One can cook not only food, but also roast nuts, dry vegetables and fruits ( taking care to keep the glass lid slightly open to control the heat input), pasteurize water and even bake bread or cake on a clear day at noon. One can make jams and can fruits. One can use the cooker to get rid of insect infestations from cereals and condiments. One can make sun-dried culinary items in much shorter time in a solar cooker. I have used the cooker even to do repair jobs like restoring soggy biscuits and banana and other chips into oven crisp ones during the rainy season. The solar cooker is a truly versatile device. It is more than a cooker. A solar cooker kept out in the sun is like an oven kept switched on in the ‘on’ position. You can place anything in it anytime and take it out when done.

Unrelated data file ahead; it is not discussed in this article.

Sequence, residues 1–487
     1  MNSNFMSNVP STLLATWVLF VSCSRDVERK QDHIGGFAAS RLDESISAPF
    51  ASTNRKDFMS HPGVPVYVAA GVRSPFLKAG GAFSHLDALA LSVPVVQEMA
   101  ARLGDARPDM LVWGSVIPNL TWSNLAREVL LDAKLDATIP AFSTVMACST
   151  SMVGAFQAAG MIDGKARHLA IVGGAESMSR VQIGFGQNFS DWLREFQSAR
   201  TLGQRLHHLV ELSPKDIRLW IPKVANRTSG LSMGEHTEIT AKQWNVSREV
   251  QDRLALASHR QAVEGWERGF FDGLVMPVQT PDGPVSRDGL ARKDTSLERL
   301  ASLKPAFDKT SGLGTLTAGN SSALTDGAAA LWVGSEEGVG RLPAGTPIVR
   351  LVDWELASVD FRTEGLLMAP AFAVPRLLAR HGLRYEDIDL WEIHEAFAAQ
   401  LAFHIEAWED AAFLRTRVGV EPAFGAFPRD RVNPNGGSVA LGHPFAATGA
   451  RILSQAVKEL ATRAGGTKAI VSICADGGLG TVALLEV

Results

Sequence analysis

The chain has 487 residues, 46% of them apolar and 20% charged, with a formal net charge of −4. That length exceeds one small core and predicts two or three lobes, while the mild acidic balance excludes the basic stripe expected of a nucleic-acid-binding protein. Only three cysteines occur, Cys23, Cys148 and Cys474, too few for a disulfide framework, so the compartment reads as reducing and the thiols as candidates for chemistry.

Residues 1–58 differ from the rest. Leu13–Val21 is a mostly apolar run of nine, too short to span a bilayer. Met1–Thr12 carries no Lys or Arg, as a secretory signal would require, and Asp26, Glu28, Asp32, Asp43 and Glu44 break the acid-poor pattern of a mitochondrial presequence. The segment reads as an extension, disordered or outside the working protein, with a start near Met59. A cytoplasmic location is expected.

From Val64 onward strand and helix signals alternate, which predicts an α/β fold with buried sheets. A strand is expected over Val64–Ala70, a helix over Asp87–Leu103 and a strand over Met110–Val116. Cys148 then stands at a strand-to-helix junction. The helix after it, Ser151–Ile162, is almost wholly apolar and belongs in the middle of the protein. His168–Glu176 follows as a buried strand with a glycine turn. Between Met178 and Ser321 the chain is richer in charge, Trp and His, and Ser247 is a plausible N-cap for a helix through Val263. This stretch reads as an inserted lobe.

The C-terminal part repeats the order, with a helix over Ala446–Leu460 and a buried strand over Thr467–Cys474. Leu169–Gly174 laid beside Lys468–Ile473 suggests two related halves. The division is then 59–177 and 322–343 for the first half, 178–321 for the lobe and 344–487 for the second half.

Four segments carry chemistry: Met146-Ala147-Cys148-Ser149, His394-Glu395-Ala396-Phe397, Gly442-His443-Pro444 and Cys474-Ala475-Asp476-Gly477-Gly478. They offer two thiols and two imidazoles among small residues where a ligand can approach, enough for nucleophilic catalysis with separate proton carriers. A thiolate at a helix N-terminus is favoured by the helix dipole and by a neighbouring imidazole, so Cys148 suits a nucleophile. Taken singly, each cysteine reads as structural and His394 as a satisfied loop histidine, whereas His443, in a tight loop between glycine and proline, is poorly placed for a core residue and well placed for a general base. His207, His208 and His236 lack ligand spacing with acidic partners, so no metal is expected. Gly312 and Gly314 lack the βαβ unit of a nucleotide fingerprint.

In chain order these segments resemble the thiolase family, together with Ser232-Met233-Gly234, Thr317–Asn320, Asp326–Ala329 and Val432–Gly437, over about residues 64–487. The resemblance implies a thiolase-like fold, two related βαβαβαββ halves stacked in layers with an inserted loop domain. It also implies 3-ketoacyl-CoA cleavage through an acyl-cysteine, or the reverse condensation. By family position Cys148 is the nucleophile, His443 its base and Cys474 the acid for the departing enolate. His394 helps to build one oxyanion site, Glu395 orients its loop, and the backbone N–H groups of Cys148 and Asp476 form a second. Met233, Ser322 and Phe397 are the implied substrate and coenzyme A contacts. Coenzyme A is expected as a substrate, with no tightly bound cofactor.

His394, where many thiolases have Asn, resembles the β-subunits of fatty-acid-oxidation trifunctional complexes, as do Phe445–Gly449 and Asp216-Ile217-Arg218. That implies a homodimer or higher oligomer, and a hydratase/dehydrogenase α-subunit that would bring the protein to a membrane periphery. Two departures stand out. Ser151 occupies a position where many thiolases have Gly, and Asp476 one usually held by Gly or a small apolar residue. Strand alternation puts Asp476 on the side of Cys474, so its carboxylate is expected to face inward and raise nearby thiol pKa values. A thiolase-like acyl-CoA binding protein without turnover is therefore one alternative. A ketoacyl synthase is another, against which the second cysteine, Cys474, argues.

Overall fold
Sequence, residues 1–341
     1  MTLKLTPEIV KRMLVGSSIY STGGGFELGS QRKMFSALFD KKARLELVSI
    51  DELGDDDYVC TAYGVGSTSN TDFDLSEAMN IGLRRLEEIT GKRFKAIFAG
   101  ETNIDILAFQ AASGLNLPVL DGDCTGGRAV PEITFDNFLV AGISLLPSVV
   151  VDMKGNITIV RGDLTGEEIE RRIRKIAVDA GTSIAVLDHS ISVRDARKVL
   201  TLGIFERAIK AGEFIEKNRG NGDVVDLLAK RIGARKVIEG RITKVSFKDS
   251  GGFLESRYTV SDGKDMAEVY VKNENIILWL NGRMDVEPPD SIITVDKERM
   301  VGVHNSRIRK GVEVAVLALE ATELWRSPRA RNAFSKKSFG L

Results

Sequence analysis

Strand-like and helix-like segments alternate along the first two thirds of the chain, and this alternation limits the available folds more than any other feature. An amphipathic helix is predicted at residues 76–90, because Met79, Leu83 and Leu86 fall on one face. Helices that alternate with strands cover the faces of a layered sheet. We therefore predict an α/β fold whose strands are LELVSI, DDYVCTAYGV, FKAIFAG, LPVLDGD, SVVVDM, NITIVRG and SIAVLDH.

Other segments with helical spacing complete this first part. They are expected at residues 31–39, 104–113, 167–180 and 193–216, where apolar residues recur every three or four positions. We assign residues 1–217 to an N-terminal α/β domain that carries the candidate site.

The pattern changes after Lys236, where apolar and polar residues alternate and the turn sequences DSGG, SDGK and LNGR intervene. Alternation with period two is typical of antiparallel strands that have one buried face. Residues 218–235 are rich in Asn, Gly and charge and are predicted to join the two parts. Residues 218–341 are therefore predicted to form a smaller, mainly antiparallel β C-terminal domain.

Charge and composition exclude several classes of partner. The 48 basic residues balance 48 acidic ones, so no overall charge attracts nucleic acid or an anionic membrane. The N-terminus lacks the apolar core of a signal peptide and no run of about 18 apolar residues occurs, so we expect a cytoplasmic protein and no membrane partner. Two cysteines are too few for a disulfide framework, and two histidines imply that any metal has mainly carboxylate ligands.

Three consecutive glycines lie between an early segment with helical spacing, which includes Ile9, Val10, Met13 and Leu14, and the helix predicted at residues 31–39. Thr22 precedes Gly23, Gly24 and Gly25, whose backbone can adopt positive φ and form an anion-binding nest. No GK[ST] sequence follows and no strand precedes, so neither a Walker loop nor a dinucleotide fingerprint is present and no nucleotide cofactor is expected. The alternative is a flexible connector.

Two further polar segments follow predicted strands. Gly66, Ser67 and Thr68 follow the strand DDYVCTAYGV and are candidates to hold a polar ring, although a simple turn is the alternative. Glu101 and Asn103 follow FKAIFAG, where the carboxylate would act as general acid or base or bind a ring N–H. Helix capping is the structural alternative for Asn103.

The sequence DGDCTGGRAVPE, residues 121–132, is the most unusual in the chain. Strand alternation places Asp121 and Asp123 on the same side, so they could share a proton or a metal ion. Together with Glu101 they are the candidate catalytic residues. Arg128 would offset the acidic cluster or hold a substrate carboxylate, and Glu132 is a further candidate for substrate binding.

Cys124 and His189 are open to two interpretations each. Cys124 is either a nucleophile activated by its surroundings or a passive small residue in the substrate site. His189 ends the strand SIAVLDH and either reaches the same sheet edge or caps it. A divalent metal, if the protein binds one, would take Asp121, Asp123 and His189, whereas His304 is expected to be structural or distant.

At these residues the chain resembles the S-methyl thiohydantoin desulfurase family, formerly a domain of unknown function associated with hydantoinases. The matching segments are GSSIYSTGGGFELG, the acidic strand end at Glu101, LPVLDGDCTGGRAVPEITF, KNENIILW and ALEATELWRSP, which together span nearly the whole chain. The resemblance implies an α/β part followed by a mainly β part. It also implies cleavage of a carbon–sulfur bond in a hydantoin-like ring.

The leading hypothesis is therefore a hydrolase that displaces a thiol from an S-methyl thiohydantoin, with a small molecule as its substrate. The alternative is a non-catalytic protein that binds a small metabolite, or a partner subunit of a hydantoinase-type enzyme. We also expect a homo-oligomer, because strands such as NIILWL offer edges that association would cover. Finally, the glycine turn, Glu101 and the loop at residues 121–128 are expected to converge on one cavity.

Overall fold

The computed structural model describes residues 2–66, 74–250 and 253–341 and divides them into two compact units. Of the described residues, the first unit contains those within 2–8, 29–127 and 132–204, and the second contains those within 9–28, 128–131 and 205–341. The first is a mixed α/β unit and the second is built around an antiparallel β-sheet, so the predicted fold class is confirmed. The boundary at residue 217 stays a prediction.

What is important for solar cooking is not how hot the sun is but how clear the sunshine is. In most places in India one can cook for 70-80 % of the days in a year. One can thus solar cook in all seasons. You can cook on top of Mt. Everest on a clear day. In fact, the ‘jawans’ – the Indian G.Is.- are using it in Kargil ( the icy heights in Kashmir where they are keeping vigil at the border). It did yeoman service, recently, in earthquake hit Gujarat.

There is no durable cooking device available anywhere in the world which is as cost effective and convenient. Yet solar cooking has not caught on. Why? I suspect it is because most people do not know about it. People might find it strange or odd to cook in the open and may not really know that solar cooking is a feasible proposition. Or they may be thinking it to be a hassle. But the fact is that unless you are introduced to it you will not realize its true and full potential.